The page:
Sen. Prozanski

Asks if, under the provisions of the bill, people would have to shut down the boat motors if persons are in certain positions relative to the motor.

046

Donheffner

Answers that the intent is to prevent people from “platform dragging.”

063

Sen. Prozanski

Cautions about “fall-out” from the measure, similar to the school zone speed limit.

071

Sen. Bruce Starr

Asks about the definition of a motor boat and whether it is defined in such a way that we are throwing “too broad of a net.”

081

Donheffner

Responds that the law would only apply to those boats with a swim step or platform.

090

Chair Verger

Closes the public hearing on SB 56, and opens a public hearing on SB 101.

SB 101 – PUBLIC HEARING

092

Callens

Explains the provisions of the bill.

102

Bruce Warner

Director, Oregon Department of Transportation (ODOT). Presents written testimony (EXHIBIT D) and testifies in support of SB 101.

139

Warner

Talks about the importance of the state highway system to the Oregon economy, and adds that access is a key management issue.

156

Warner

Comments that we want to make sure that our investment in our capacity is preserved. Adds that fifty percent of the non-interstate highway accidents occur at intersections.

190

Warner

Summarizes customer service ratings regarding highway access.

193

John Jackley

Executive Officer, Highway Division, ODOT. Presents written testimony (EXHIBIT E) and testifies in support of SB 101.

213

Jackley

Explains that the bill will provide administrative remedies for the department.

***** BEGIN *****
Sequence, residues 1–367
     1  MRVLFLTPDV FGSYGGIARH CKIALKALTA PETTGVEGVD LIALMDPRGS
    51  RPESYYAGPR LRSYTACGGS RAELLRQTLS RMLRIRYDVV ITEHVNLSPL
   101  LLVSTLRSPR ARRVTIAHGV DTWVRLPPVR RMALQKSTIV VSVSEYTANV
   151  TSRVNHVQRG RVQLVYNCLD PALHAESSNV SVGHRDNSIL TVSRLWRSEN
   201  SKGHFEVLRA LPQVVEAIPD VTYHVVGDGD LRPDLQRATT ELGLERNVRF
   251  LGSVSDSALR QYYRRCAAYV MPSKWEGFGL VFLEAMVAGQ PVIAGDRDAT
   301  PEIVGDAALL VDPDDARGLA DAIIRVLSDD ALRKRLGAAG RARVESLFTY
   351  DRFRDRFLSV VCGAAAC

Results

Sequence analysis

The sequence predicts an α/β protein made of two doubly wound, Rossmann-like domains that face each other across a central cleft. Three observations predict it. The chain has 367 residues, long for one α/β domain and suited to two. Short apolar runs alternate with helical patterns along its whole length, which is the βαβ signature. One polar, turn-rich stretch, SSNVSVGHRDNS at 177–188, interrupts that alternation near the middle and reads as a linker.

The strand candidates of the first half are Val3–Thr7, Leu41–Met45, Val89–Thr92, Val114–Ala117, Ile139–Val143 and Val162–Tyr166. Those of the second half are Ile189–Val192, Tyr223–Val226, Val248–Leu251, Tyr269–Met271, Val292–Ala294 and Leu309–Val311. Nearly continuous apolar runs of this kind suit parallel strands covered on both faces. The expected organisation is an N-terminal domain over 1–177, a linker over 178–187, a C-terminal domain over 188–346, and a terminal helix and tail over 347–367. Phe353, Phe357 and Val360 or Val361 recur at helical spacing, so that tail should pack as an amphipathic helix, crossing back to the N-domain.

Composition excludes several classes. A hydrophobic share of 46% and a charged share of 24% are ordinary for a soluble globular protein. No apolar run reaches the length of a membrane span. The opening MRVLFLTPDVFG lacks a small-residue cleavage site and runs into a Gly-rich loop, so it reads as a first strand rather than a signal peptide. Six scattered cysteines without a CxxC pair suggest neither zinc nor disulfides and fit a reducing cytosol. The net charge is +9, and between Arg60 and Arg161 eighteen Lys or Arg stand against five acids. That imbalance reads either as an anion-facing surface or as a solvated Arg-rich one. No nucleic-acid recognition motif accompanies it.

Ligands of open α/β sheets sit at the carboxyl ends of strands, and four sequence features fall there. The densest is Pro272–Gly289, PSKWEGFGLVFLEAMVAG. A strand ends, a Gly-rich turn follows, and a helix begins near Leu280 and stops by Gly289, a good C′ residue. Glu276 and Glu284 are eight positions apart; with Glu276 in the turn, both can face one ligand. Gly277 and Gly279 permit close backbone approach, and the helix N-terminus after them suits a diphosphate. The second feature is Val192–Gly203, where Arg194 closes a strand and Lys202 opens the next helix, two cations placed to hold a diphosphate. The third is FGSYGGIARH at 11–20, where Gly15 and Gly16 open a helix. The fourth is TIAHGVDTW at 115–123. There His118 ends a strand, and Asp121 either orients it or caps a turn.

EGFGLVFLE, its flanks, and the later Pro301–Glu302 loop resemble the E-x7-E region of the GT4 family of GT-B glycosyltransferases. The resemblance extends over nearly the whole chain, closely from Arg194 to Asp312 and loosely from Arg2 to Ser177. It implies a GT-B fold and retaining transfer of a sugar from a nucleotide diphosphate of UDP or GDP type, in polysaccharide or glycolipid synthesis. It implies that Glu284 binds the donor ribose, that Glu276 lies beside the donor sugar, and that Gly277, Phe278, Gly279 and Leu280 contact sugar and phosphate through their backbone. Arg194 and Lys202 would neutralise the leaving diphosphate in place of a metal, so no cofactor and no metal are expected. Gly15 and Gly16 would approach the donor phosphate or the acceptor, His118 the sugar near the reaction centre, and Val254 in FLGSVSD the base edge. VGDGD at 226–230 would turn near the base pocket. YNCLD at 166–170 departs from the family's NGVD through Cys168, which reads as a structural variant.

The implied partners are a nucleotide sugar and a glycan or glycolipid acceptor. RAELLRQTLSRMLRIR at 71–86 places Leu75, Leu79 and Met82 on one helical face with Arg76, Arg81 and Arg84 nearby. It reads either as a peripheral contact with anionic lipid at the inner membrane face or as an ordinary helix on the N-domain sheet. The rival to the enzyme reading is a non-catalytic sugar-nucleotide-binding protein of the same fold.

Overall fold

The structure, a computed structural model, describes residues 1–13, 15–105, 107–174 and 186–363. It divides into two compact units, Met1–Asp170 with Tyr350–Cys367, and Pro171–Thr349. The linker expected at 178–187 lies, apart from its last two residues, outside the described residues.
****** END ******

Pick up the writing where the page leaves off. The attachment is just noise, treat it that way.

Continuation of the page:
233

Patrick Allen

Office of Regulatory Streamlining. Presents written testimony (EXHIBIT F), and testifies in support of SB 101, and adds that his office also supports SB 102.

248

Sen. Prozanski

Asks if the bill allows the department to use the “right of eminent domain.”

263

Allen

Defers to ODOT.

267

Jackley

Responds that the question refers to SB 102.

273

Chair Verger

Closes the public hearing on SB 101, and opens a public hearing on SB 102.

SB 102 – PUBLIC HEARING

283

Jackley

Presents written testimony (EXHIBIT G), and testifies in support of SB 102. Explains the provisions of the bill.

319

Jackley

Outlines the advantages of the bill. Summarizes a project where the proposed bill would have saved ODOT over $162,000.

337

Sen. Prozanski

Discusses the provisions of the bill with Jackley.

365

Sen. Whitsett

Emphasizes that he has a problem with setting a precedent with “taking” property, and asks if the property owner could lose value by being denied access.

387

Jackley

Responds that the department is not able to transfer the easement from one party to the other. Summarizes the settlement rate for the department regarding property values.

TAPE 10, B

013

Chair Verger

Closes the public hearing on SB 102. Comments on the upcoming out- of-office meeting on February 14, 2005. Discusses arrangements with the committee.

038

Chair Verger

Adjourns the meeting at 4:37 p.m.

 

 

EXHIBIT SUMMARY

 

  1. Rail, Oregon Freight, PowerPoint, Lance Grenzeback, 32 pp
  2. SB 56, -1 amendments, staff, 1 pp
  3. SB 56, written testimony, Paul Donheffner, 7 pp
  4. SB 101, written testimony, Bruce Warner, 3 pp
  5. SB 101, written testimony, John Jackley, 1 pp
  6. SB 101, written testimony, Patrick Allen, 5 pp
  7. SB 102, written testimony, John Jackley, 3pp